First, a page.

by Alan C. Shaw
Real-time systems are those that must perform computations by specific times -- late results are considered incorrect. In a weak way, all computations are real-time: for example, if your PC took a year to respond to a keystroke, it would not be considered to be operating correctly. Systems that are strongly real-time have very specific time constraints that are generally imposed on them by requirements in the physical world. For example, if the avionics system on a computer-controlled aircraft fails to update the positions of the control surfaces many times per second, the aircraft can become unstable or even break up in the air. When designing and implementing the control software for this type of aircraft it may be extremely difficult to guarantee that all real-time constraints will be met under all conditions.
The purpose of Real-Time Systems and Software is not to describe how real-time systems are currently built in practice. Rather, it provides an overview of academic research in real-time systems, where the goal has been to help create real-time software that is guaranteed to be correct, while minimizing hardware costs and development effort. This distinction is important because a lot of the work that Shaw describes is not particularly practical at the moment, and a lot of it may never be.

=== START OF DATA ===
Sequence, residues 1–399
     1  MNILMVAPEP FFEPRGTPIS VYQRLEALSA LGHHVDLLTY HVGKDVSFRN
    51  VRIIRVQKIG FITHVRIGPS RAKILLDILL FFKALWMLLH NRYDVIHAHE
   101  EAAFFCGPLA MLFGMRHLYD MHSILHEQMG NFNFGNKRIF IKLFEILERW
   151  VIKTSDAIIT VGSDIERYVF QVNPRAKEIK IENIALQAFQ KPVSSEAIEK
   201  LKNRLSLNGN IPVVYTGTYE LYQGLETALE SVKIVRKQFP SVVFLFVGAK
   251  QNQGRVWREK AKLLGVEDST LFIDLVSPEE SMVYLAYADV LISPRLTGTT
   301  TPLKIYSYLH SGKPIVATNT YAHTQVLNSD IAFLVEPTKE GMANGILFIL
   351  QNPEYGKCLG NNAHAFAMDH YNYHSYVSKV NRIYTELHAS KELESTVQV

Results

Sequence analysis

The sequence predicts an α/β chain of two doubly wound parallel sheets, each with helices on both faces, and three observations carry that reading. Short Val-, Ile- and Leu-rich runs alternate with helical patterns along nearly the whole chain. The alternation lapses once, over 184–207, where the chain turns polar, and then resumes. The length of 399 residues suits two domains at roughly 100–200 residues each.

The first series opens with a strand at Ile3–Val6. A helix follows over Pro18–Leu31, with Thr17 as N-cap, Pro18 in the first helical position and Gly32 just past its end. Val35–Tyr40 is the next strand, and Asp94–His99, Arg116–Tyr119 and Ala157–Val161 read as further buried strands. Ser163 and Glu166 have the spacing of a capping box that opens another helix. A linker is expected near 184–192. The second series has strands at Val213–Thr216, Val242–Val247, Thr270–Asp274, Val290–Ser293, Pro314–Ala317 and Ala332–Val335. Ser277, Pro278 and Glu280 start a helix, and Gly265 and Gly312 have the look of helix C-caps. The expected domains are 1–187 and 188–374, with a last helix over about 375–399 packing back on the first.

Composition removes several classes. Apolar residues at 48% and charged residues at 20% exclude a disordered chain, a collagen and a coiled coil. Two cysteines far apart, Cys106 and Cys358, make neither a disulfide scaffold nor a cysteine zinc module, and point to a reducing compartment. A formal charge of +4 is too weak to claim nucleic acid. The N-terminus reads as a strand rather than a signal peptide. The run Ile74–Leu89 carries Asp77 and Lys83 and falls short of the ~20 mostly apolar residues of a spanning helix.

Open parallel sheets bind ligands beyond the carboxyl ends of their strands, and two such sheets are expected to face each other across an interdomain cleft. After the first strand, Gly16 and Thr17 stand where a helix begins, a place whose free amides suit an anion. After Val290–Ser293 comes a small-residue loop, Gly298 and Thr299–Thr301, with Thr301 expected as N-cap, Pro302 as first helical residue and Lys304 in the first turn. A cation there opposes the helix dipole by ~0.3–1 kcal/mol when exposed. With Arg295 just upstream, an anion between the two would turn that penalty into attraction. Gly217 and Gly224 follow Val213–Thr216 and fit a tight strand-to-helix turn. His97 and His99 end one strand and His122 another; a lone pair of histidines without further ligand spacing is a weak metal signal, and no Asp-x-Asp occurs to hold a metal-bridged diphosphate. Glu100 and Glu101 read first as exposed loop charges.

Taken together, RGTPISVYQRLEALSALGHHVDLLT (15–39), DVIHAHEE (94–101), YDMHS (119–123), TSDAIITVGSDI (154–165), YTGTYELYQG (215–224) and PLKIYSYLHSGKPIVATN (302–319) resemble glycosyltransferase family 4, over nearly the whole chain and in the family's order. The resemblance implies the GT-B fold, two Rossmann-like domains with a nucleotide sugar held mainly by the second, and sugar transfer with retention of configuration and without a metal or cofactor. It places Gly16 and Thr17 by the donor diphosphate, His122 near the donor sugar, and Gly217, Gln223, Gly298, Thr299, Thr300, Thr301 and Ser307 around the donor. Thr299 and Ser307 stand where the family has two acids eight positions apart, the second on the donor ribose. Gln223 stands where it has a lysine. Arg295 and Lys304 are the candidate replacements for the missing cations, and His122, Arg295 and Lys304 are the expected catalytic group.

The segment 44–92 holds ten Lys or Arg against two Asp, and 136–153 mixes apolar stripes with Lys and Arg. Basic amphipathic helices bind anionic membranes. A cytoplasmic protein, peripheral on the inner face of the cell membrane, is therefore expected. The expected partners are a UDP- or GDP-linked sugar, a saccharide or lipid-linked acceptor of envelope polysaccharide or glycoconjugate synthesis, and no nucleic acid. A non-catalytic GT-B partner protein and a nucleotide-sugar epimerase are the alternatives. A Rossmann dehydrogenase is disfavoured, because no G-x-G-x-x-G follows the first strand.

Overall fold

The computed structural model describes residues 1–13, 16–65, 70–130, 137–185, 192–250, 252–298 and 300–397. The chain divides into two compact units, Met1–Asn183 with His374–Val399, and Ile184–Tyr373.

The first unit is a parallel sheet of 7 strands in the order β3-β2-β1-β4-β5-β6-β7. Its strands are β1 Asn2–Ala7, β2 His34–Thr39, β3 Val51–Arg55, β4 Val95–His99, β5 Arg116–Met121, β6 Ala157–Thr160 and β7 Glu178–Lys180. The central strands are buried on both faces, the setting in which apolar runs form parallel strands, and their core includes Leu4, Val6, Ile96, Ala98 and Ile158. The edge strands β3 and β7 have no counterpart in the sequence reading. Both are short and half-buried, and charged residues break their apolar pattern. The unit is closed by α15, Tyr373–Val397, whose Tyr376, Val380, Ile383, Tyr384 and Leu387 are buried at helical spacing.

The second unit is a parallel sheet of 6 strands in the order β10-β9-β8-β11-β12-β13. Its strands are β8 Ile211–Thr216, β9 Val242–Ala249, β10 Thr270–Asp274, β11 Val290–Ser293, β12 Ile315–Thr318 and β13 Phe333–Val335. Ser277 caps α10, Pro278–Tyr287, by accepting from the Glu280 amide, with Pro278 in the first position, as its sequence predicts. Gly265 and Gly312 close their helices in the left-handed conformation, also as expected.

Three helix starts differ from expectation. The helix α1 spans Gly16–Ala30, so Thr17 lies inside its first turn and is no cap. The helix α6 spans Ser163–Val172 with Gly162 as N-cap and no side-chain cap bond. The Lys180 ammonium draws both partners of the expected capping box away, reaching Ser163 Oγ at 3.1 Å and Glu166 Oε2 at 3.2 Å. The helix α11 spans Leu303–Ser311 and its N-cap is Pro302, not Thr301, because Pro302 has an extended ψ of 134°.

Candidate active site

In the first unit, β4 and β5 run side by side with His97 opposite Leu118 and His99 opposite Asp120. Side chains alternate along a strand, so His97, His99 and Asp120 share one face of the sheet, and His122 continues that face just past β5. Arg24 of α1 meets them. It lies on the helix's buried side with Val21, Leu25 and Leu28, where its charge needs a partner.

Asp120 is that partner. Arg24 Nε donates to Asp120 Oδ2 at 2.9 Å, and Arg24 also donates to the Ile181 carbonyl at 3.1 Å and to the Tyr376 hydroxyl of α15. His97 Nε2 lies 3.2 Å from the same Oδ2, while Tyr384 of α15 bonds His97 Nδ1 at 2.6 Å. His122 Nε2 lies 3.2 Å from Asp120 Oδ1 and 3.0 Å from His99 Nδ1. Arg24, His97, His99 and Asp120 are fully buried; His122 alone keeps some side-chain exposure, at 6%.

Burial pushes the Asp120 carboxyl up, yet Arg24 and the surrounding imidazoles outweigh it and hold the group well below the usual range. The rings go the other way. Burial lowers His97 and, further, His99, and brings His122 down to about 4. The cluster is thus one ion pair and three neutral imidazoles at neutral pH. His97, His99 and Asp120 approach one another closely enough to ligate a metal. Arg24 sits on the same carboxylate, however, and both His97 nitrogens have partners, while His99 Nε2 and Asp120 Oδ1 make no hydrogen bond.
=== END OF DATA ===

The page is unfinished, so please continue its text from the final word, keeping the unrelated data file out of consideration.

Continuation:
Does the book accomplish its goals? Well, that depends. It is good in that it covers quite a wide range of material including often-neglected topics such as determination of worst-case execution time. It is less than good in the sense that at only two hundred pages, it is too short to provide more than a brief introduction to each topic and some pointers to the original sources. Unfortunately, quite a few of the references in the text cannot be found in the bibliography: an inexcusable oversight in a book of this type. Otherwise, this is a pretty good book and it should be useful as background reading for professionals and academics, or as a textbook in a class about real-time systems.
copyright © 2001 John Regehr